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Encyclopaedia Maxima Mundi

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Encyclopaedia Maxima Mundi, created by Effenberg and Talbot, is a multi-volume work detailing many notable people and occurrences throughout the history of the continent and the world in general. Fragments of this fictional book are sometimes used as introductions to stories or chapters in Sapkowski's works. It was generally considered to be a piece of Nilfgaardian propaganda and the information in it is highly selective, subjective and not particularly scientifically rigourous. Those fragments have, so far, apparently featured the following:

Excepts Edit

Note that these excerpts have been inexpertly translated from the French translation of the original Polish!

Congreve, Estella vel Stella, – The daughter of Otto of Congreve, married to the old Count Liddertal. Upon the death of the latter, rapidly recovered, managed her inheritance most judiciously, amassing for herself a not inconsiderable fortune. Enjoying the esteem of the emperor Emhyr var Emreis (sic), she was considered a person of great importance by the court. While she had no official duties, it was generally believed that the emperor was in the habit of paying considerable attention to her words and opinions. Because of her close personal relationship with the young Empress Cirilla Fiona (sic), whom she loved like her own daughter, she was jokingly referred to as the "Imperial mother-in-law". She outlived both the Emperor and the Empress, and died in 1331; as to her huge fortune, it fell to distant relatives on the Liddertal side of the family, called the Whites; being stupid and short-sighted, they squandered every bit of their inheritance.
Effenberg and Talbot

Encyclopaedia Maxima Mundi, tome III

Delannoy, Flourens (1432–1510) – Linguist and historian. Born in Vicovaro, secretary and libraian to the imperial court from 1460 to 1475. Tireless researcher into legends and folklore, author of numerous important treasises considered to be seminal works of linguistic history and literature from the northern regions of the Empire. Among his most important works, one could cite: Myths and Legends of the Nordlings, Fairytales and Stories, Surprise or the Myth of Elder Blood, The Witcher Saga, as well as The Witcher and the Witcheress, or a search unending. Beginning in 1476, he officiates as professor at the academy of Castell Graupian where he dies in 1510.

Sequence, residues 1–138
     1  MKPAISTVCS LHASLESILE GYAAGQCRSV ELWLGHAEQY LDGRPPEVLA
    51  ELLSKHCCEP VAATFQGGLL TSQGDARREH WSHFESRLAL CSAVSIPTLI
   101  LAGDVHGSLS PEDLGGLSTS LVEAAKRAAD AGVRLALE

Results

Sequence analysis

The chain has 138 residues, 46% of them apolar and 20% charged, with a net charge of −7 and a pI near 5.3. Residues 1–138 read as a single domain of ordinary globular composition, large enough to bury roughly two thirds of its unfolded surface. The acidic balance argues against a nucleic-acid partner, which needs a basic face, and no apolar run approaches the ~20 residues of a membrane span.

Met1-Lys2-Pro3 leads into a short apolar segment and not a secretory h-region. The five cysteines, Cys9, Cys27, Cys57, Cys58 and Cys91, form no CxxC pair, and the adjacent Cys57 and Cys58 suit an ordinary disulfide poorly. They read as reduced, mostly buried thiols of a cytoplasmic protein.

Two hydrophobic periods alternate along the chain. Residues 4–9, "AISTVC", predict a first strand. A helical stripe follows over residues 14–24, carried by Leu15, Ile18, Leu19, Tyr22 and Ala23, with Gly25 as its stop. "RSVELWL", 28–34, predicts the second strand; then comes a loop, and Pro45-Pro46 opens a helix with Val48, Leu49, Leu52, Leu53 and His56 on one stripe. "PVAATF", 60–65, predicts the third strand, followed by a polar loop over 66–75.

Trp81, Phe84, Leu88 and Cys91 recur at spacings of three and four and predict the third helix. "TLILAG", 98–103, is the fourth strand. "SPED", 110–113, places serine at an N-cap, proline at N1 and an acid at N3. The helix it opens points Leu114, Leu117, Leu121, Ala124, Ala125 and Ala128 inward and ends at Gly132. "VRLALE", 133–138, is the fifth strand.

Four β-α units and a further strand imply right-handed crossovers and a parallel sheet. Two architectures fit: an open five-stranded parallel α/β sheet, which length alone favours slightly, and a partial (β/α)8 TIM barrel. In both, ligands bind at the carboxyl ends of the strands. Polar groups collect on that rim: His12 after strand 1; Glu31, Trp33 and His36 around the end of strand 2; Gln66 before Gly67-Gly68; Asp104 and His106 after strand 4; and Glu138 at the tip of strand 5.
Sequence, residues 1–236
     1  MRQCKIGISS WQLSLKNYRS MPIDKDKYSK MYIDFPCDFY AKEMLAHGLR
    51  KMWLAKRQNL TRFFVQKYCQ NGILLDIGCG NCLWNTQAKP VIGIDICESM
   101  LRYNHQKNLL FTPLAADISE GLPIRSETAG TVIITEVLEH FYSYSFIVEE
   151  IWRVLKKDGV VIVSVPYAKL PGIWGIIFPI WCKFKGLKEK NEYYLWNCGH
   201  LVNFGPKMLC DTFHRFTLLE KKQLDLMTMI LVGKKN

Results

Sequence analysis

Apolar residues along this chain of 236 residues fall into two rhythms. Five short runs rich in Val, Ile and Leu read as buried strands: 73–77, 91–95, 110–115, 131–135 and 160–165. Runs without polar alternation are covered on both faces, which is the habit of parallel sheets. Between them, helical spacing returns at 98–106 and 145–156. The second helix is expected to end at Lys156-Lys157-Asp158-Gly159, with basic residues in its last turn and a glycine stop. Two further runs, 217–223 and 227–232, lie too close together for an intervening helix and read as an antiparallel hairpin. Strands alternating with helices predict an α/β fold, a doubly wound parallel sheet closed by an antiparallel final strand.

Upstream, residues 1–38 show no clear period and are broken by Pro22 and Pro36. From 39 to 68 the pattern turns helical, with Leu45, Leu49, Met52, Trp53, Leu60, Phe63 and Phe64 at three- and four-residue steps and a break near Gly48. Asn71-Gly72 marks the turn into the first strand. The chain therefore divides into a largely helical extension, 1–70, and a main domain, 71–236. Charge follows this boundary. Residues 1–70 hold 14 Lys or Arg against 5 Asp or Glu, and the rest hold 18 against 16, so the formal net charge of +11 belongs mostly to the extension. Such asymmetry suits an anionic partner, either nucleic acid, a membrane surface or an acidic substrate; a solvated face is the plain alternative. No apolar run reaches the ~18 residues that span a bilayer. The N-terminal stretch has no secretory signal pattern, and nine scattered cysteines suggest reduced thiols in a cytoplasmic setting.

Effenberg and Talbot

Encyclopaedia Maxima Mundi, tome IV

Evertsen, Peter, born in 1220, confidant of Emperor Emhyr Deithwen and one of the true architects of the power of the Empire. Sergeant-in-chief of the army during the Nordling Wars; beginning in 1290. Grand Treasurer of the Crown. Elevated to the rank of co-adjudicator during the final period of the reign of Emhyr. Falsely accused of abuse of power during the reign of Emperor Morvran Voorhis; condemned and imprisoned. Died in 1301 at Winneburg Castle. Postumously rehabilitated in 1328 by emperor Jan Calveit.
Effenberg and Talbot

Encyclopaedia Maxima Mundi, Tome V

Houvenaghel, Dominik Bombastus (1239–1301) – Became rich in the province of Ebbing by conducting large-scale enterprises; set up business in Nilfgaard. Already respected by previous emperors, he was elevated to the rank of viscount and zupparius salis of Venendal by Jan Calveit; as reward for services rendered, the office of mayor was awarded. Faithful counsellor to the emperor, Houvenaghel benefitted from his full confidence and took part in many public affairs. Already in Ebbing, he had indulged in many charity ventures, spending considerable sums of money to support the needy and the poor and to build orphanages, hospitals and daycare facilites. A great lover of fine art and sports, he had a theatre and a stadium built in the capital, both of which bore his name. He was a model of propriety, honesty and respectability in mercantile circles.
Effenberg and Talbot

Encyclopaedia Maxima Mundi, tome VII